Because it's absolutely and without question a fake, and not even a good one at that.

 

If a guy in Rome was posting a Da Vinci on ebay it would be as real as a guy in Japan posting a Tokubetsu Kicho Kiyomaro on Yahoo Japan. 


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#9 SwordGuyJoe

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Posted 21 July 2017 - 04:12 AM

Absolutely correct! I was asking the question that, while a lovely sword, should be the one anyone asks themselves when they see a big name, or really most blades in Japan with Kicho papers, since for them the process is FAR simpler as compared to foreigners. They either tried and it failed or they didn't try because they knew it would fail.

Still if purchased as gimei, it's a lovely gimei sword.

#10 Darcy

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Posted 23 July 2017 - 04:32 AM


Still if purchased as gimei, it's a lovely gimei sword.

 

 

When you buy a fake Rolex on the street in Bangkok you pay about $10 and it is a lovely gimei watch as well.

 

But you paid ten bucks for it.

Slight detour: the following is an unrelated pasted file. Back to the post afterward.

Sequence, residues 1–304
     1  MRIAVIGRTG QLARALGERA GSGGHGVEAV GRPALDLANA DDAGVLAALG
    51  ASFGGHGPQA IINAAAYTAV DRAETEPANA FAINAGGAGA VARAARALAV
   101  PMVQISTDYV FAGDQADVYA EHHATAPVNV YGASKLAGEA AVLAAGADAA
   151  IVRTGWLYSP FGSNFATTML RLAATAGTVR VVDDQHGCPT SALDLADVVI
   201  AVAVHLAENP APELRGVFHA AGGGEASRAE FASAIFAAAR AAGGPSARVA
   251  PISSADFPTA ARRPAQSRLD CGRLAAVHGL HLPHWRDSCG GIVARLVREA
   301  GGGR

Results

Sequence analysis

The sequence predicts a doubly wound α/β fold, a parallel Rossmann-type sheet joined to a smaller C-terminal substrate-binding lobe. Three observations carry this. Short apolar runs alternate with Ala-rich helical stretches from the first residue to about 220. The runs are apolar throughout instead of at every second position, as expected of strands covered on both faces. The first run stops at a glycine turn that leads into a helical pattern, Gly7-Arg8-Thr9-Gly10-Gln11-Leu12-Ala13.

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#11 Brian

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Posted 23 July 2017 - 09:35 AM

Yes, but there is no chance your gimei Rolex turns out to be a Cartier or a Panerai that someone added a Rolex name to. :laughing:
Slim chance, yes. But no guarantee that a gimei sword is bad quality. You can still find decent swords with gimei, if you learn how to spot quality.


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#12 Darcy

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Posted 27 July 2017 - 09:33 PM

Not this one. 

 

The problem with a smith like Kiyomaro is that the fakery has to either be on some mumei masterpiece Shinto (which is a unicorn) that was floating around beforehand and then upgraded with a fake mei (double unicorn), or it has to be a purpose made fake coming from some period after his death. Anyone coming after Kiyomaro and faking him will not give you a blade of any quality or any value after it's rendered mumei. There isn't anyone significant enough in that time period who would do it, and make it have value. 

 

That's why nobody has knocked the signature off of it.

 

Economics is a big argument in many of these things if you want to understand what you're looking at.

 

If you did remove the mei and tried to paper this at the NBTHK it would likely fail. NTHK would likely flunk it and tell you it is Showa work. 

 

It's garbage.